Birds Eating Pond Fish
Keep your conspicuous pond fish from being eaten by predator birds.
Stephen M. Meyer
Q. The pond I built last summer is located in a marshy area in the woods behind my house. It is 8 feet wide, 6 feet long and 2 feet deep in the deepest area. There are rocks along the bank to walk on. This spring natural plants, such as skunk cabbage, began to appear.
I stocked the pond with three 5-inch goldfish, 13 2-inch goldfish and one 5-inch koi. I also stocked a few small bullfrogs and leopard frogs that I caught in a nearby stream. The fish are doing well, but there are a few things that concern me.
One is the great blue heron that comes by once in awhile. Because the goldfish are so easily seen, how can I keep the heron away? Also, is there a chance the goldfish will breed? Finally, is a diet of white bread good for my fish? I would buy food in the pet stores, but it is very expensive.
A. It sounds like you have a really interesting pond. You are right about the goldfish being easy pickings for the heron. There is really no reliable way to keep the heron away other than putting a net over the pond. Great blues fish during daylight hours, so a net might do the trick. If you had dug the pond to a depth of 3 or 4 feet, with steep sides, the heron would probably just stand on the bank and stare, but would be frustrated in its effort to catch fish.
Try landscaping around the pond bank to make it more difficult for the heron to approach the pond edge. A good 3-foot fence will do, although it may not look so great. Many devices are sold to scare herons — water cannons, barking dog tapes and so on, but none really works well over the long run. (One possible solution is to push stakes into the ground around the pond, leaving about 6 inches of stake above the ground. Use monofilament fishing line to connect all the stakes. The herons apparently won't step over the line. — Ed.)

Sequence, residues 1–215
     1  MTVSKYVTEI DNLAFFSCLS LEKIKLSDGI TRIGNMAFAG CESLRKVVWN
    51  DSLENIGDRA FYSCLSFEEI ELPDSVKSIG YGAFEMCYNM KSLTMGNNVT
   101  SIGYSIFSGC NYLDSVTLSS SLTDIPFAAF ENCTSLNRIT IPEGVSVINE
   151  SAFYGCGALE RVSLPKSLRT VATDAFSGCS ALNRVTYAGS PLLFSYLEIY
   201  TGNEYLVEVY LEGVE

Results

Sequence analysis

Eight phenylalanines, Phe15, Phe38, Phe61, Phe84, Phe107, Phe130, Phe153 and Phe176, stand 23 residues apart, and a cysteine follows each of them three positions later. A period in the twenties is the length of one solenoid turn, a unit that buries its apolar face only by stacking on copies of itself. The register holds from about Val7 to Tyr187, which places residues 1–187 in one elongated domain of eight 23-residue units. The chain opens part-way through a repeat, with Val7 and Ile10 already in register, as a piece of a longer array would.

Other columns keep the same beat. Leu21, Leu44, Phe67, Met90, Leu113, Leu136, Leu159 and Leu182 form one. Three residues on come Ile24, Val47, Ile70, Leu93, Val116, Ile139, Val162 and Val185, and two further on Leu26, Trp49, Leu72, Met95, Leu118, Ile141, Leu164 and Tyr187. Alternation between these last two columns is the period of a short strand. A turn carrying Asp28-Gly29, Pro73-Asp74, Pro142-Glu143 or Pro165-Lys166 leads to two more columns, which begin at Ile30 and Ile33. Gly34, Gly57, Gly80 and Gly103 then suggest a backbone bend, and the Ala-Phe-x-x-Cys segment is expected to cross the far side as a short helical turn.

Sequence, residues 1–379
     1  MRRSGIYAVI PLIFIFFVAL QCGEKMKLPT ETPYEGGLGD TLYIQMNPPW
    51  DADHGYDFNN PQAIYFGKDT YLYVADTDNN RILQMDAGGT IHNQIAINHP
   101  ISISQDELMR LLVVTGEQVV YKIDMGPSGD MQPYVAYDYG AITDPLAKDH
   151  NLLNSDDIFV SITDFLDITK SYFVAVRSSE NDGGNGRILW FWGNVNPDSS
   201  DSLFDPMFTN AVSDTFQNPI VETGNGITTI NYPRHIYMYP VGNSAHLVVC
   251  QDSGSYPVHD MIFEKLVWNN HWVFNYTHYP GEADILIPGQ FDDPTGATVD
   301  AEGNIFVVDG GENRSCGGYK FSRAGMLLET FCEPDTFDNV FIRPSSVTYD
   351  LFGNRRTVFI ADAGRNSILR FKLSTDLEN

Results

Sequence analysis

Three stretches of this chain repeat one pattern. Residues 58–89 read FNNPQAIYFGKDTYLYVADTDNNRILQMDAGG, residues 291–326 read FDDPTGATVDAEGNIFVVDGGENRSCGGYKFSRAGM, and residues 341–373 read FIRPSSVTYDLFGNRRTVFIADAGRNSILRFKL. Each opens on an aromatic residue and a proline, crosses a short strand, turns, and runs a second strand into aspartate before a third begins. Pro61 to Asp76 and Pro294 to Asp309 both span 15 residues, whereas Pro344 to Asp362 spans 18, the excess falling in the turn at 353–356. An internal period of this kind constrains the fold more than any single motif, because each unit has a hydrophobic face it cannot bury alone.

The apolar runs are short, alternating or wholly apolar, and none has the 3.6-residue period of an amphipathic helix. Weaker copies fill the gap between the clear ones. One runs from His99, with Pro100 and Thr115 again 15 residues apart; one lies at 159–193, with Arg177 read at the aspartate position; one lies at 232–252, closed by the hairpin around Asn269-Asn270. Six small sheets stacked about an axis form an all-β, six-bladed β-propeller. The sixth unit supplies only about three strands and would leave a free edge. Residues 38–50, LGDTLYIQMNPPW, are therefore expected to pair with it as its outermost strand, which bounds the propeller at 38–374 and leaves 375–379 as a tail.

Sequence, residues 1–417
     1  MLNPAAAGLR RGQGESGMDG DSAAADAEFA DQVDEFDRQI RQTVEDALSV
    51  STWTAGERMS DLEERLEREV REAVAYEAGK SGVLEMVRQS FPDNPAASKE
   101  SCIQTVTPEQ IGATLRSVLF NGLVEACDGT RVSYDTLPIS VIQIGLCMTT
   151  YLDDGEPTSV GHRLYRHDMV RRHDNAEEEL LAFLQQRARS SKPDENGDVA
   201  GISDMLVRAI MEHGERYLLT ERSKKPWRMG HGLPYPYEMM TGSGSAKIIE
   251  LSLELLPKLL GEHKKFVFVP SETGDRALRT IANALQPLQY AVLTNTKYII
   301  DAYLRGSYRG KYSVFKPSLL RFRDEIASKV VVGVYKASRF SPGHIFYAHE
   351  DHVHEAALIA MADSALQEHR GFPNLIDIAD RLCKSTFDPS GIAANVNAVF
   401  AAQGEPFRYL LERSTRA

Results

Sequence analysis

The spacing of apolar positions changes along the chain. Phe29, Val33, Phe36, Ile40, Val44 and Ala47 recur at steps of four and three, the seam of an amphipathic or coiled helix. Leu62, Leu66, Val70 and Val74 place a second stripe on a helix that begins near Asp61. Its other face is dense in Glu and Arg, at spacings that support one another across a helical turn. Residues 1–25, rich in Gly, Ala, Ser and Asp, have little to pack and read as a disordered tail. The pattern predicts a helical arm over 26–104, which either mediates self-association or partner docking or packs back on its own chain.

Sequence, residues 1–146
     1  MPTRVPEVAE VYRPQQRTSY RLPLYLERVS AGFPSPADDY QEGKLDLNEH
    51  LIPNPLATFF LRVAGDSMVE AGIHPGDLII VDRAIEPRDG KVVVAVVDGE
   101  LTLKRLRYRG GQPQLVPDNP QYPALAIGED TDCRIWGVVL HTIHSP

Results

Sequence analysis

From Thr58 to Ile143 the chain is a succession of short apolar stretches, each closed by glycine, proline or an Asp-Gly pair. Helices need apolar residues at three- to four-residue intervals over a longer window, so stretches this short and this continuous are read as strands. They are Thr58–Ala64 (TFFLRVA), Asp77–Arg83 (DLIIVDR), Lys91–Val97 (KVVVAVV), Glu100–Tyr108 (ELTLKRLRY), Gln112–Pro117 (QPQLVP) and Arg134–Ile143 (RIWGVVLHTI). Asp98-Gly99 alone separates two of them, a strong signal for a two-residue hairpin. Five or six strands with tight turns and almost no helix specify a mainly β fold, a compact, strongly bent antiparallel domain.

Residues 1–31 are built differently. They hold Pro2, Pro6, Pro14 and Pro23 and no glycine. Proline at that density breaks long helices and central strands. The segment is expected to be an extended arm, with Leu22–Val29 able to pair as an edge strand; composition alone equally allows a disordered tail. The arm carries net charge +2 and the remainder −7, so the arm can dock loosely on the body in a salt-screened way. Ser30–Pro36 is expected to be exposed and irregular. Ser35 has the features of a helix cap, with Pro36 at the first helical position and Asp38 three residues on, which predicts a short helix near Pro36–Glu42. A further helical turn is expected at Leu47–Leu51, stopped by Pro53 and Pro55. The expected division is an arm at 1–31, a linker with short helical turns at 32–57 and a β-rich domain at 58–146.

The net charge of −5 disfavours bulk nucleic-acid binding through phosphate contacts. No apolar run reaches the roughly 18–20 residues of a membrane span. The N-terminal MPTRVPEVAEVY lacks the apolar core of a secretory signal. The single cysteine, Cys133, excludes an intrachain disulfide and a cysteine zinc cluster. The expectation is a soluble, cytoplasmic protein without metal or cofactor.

You can be quite sure that the goldfish will breed, and in this context I should point out that your pond will quickly become overpopulated. Perhaps the heron is doing you a favor by keeping your goldfish population in check. Of course, the heron will almost certainly catch the most colorful and fancy of your goldfish first, largely because fancy goldfish swim the slowest and are easiest to catch.
A diet of bread and water is even more unhealthy for fish than it is for humans. Healthy goldfish need a variety of vitamins, minerals, oils, fats, proteins and other things that white bread — or any bread for that matter — do not contain. If you want to raise ornamental goldfish, one of the accepted costs is quality food. You do not have to use the premium brand fish foods. There are many good pond fish foods available at very reasonable prices. A good pelleted catfish food, for example, will also work fine.
Finally, by now you have probably discovered that the frogs you transplanted have wandered off. It does little good to bring them to the pond because they will just leave. Wait a season or two and frogs will show up on their own — and stay. By the way, you do not want bullfrogs — they will eat your fish, too!